This post in Discover Magazine offers some valuable insight into peer reviewed journals. Within any scientific field, science journals are meant to weed out bad science, while promoting strong, rigorous, scientific research. And for the most part, they do exactly that.
But like everything in life, there are some bad ones. Referred to as ‘predatory’ journals, they take advantage of unsuspecting scientists and pave the way for fraud.
A science research article was sent to nine different journals to see if they could be tricked into publishing a fraudulent paper based on absurd science found only in the Star Wars universe. The paper was submitted by Dr. Lucas McGeorge and Dr. Annette Kin, and delved into midi-chlorian research. That’s right, the paper was filled with substantial force capabilities, fake terms and non-existent diseases. We learn about the Kyloren cycle, midichlorian dysfunction, the anakinplerotic reaction, JARJAR syndrome, Yoda’s ataxia, wookie’s disease, Bink’s disease and lightsaber’s hereditary optic neuropathy. The author even told the story of Darth Plagueis the Wise, who could use the force to influence the midichlorians and create life, and explained how midichlorians can speak to us, telling us the will o’ the force. In addition, the author acknowledged that the majority of the paper was Rogeted- meaning that he copied Wikipedia and reworded it, and he apologized for the plagiarism in his references.
I have to admit, this was a beautiful sting, and I wish I’d have thought of it myself.
Out of nine journals the paper was sent to, four accepted the paper, and three published it! One asked for a $360 publishing fee, but no money was paid. Only three of the journals rejected the paper, while two others requested revisions.
The point of the paper was to demonstrate that there are some peer reviewed journals where there is no real peer review. And that’s important to know because some people blindly accept whatever has been peer reviewed and regard it as truth, while dismissing that which has not.
Now, this wasn’t the first time a sting operation succeeded. Another author, known as “Dr. Fraud“, applied to an editing position at 360 open-access academic journals, and 48 hired her as editor in chief!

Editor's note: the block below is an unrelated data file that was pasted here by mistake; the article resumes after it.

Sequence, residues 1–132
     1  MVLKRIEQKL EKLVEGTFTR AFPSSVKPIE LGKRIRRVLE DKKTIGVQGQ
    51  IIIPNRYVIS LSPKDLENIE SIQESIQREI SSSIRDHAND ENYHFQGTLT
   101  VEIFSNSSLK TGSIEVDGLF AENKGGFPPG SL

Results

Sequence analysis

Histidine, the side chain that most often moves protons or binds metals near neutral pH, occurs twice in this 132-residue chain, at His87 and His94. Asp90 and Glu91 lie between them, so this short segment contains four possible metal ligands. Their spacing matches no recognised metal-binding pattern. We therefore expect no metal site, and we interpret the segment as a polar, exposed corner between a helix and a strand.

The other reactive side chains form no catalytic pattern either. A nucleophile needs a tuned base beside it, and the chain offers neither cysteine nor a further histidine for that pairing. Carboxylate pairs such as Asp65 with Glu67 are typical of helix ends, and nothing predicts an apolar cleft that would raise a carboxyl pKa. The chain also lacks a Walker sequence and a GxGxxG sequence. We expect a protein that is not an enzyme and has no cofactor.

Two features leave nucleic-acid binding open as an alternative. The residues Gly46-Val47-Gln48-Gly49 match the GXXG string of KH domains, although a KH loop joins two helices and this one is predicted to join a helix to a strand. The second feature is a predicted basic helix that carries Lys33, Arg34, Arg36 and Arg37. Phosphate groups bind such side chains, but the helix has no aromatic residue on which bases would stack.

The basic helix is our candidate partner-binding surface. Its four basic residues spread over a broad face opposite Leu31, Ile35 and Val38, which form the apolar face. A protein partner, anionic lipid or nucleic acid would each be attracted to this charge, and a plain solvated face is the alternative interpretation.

I’m glad these issues with peer reviewed journals are finally gaining attention; it’s something that I, and many others, have been pointing out for a long while, but I think the issue is much deeper. In addition to out-right fraud, some authors have to battle against bias in order to publish their paper in a reputable source. Some journals are biased against certain findings and will only publish research that conforms to a particular agenda or conclusion. I’ve heard first hand from scientists how their work was withdrawn from published sources based on such biases.
One recent example is an article titled, “Biomechanical Characteristics of Hand Coordination in Grasping Activities of Daily Living”, which was published in the journal PLOS ONE. Unfortunately for the authors, their paper mentioned the word “creator”, and, shamefully, the public outrage forced the journal to retract the article.
Here’s the offending sentence:
“our study can improve the understanding of the human hand and confirm that the mechanical architecture is the proper design by the Creator for dexterous performance of numerous functions following the evolutionary remodeling of the ancestral hand for millions of years”.
The paper was a legitimate peer reviewed article, properly published, and even advanced evolutionary theory. But it violated an unwritten code regarding how to treat articles related to intelligent design. Such bias demonstrates how legitimate research can be wrongly censored.
Needless to say, the peer review process isn’t perfect- even for respected journals. Editors and researchers can be greatly mistaken, about a great many things.
Whether a journal is legit or not, they carry influence and can sway public opinion. Therefore, it’s important to keep all this in mind when someone speaks of peer review or are critical of something that hasn’t been peer reviewed. If something is peer reviewed, that’s all well and good, but maintain a proper, healthy perspective, and follow-up with further research.